After Mental Health Month, we’re moving into June, which is Pride Month. For that reason, it’s important to look at the particular challenges faced by the LGBTQ+ community that can impact mental health and well-being. In addition to that, it’s vital to consider ways to support members of the LGBTQ+ community and their mental health, especially in a context where discrimination, violence, and harassment can be daily occurrences for many LGBTQ+ people.
LGBTQ+ Mental Health
LGBTQ+ is an acronym that stands for lesbian, gay, bisexual, transgender, and queer, with the + referring to a wide spectrum of other gender and sexual identities that diverge from the norm of heterosexual and cisgender.
First off, it’s important to note that being LGBTQ+ is not a mental health issue and that being LGBTQ+ is not a cause of mental health disorders in itself. However, current research suggests that the stigma, discrimination, and either experience of violence or fear of it contribute to higher rates of mental health disorders and traumatic experiences among the community when compared to the overall population. Research has also shown that 61% of LGBTQ+ Americans experience depression, with 45% of LGBTQ+ Americans also having PTSD, and 36% having an anxiety disorder. Members of the LGBTQ+ community have also been found to experience trauma at higher rates.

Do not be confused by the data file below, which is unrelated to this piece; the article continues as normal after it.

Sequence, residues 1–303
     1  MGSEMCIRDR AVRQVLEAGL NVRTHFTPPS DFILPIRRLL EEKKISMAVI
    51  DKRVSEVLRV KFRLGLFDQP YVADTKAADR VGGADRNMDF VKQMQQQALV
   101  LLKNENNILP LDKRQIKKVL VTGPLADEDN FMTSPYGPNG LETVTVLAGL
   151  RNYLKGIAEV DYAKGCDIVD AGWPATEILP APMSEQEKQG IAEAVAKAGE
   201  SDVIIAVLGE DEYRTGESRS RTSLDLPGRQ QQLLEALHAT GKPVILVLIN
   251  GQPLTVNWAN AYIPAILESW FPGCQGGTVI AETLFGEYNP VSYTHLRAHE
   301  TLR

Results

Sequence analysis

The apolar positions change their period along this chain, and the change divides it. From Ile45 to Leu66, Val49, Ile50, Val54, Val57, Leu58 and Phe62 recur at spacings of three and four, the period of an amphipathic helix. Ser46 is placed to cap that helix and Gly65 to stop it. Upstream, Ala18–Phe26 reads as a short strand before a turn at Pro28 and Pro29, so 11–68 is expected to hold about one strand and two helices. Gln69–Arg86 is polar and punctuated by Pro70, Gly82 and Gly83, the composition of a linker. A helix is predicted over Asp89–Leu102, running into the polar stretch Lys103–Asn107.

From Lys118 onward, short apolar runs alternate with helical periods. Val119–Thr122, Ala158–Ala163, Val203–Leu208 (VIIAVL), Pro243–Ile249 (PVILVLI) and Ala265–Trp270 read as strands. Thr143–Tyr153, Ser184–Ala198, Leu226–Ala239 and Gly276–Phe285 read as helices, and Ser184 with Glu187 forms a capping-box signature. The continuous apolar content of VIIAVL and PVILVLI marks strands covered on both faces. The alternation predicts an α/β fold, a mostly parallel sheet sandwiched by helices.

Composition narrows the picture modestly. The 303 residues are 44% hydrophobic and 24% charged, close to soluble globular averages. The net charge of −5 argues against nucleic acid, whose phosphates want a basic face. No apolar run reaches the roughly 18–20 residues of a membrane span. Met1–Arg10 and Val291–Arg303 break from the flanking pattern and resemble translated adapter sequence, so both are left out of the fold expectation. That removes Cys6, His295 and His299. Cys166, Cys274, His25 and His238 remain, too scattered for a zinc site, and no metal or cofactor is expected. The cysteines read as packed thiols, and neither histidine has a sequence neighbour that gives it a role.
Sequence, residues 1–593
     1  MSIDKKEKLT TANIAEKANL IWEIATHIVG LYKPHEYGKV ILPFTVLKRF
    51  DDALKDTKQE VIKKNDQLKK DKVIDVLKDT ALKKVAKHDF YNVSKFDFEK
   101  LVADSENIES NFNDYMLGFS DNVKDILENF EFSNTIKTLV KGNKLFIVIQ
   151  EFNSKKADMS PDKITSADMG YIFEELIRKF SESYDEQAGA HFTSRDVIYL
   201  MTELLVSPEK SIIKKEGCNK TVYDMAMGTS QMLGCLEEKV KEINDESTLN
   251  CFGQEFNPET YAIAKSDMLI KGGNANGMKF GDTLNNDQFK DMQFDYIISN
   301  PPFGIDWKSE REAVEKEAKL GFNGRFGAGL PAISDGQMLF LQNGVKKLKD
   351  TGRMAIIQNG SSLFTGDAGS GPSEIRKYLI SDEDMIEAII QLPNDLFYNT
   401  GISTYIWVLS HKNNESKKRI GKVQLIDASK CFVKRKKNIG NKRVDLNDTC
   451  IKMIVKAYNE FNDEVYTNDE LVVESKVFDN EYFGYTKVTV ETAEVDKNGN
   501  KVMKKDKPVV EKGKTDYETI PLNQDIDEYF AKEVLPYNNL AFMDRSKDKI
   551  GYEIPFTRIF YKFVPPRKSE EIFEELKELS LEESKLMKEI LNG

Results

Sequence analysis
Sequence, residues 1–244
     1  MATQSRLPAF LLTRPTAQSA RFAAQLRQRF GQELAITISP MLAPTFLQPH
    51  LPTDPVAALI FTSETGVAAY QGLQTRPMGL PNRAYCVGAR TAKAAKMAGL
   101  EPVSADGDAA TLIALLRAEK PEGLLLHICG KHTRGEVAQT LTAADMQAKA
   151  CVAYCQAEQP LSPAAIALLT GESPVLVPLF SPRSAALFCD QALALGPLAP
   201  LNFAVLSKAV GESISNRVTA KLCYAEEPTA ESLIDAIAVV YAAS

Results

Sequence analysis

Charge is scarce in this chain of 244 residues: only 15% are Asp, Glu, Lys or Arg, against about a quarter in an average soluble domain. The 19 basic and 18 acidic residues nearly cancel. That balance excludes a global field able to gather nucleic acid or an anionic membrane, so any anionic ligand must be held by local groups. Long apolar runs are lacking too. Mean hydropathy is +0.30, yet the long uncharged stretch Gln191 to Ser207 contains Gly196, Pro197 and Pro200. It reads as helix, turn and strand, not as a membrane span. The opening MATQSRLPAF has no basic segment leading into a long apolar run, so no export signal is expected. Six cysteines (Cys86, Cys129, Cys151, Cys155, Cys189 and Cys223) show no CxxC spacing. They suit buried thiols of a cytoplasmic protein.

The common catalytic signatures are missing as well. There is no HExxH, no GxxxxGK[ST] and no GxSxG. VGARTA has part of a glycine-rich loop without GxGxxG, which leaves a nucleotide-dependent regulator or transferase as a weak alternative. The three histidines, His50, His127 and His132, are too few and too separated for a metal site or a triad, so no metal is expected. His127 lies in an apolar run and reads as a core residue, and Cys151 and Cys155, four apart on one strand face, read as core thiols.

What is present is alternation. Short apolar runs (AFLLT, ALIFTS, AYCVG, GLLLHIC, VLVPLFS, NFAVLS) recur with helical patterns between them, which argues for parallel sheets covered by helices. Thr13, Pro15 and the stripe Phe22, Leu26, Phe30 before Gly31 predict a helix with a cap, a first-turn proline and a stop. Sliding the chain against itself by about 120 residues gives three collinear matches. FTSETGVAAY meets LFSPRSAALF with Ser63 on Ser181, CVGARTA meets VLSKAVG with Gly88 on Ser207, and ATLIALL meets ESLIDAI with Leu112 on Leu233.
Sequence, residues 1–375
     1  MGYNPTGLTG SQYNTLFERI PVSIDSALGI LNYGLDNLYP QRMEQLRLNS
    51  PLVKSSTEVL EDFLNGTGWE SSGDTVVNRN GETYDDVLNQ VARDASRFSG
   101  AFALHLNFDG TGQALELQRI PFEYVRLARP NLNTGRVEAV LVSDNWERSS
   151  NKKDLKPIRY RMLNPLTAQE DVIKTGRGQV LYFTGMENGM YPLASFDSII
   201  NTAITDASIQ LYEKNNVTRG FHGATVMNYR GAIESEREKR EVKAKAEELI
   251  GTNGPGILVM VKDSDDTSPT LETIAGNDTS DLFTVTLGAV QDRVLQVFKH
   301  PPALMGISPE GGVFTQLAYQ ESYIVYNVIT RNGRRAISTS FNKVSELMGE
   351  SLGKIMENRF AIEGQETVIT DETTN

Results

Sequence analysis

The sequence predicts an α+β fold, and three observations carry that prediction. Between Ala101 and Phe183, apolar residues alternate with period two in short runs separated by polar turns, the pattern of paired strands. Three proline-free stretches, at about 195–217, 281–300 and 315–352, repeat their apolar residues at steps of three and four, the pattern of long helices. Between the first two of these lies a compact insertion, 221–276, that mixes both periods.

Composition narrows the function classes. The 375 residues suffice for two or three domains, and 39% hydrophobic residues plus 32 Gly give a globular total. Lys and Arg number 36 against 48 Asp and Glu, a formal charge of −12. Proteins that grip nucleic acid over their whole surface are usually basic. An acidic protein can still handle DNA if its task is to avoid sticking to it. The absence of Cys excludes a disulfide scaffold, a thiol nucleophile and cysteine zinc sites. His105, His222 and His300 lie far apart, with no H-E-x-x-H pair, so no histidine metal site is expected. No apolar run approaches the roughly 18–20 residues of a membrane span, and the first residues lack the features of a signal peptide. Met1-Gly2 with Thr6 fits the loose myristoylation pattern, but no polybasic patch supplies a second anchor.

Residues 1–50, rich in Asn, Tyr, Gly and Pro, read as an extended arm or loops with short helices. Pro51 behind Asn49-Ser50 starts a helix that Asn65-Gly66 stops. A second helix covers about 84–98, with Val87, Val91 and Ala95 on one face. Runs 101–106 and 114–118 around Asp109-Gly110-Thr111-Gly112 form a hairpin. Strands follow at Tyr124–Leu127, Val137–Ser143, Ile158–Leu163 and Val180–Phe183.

Not being able to come out and express your true self, especially when it’s due to an unsupportive or dangerous environment, can be incredibly draining and can lead to mental health struggles and even suicidal ideation. In fact, according to recent research done on the topic of suicidality among transgender youth, 40% of transgender people have attempted to end their own lives. This was found to be predominantly due to factors such as microaggressions, internalized self-stigma, lack of belonging, and emotional neglect by family – not because of gender variance in itself, but because of negative responses and attitudes toward one’s gender identity.
Having to live your life pretending that you’re someone you’re not can result in various mental health challenges and contribute to higher levels of poor mental health among the LGBTQ+ community. Furthermore, more than 50% of LGBTQ+ people in the United States have experienced violence because of their sexuality or gender identity, and 57% of LGBTQ+ people have experienced threats or harassment due to their identity. Legitimate fears of violence and harassment can lead to deep experiences of loneliness, anxiety, and depression, especially in situations where there is no supportive community that can provide safety and peers support from societal pressures and attitudes that can often feel overwhelming and oppressive.
Furthermore, as coming out in an unsupportive environment can sometimes lead to getting kicked out or becoming estranged from your family, this can also weigh heavily on an individual’s mental health and well-being.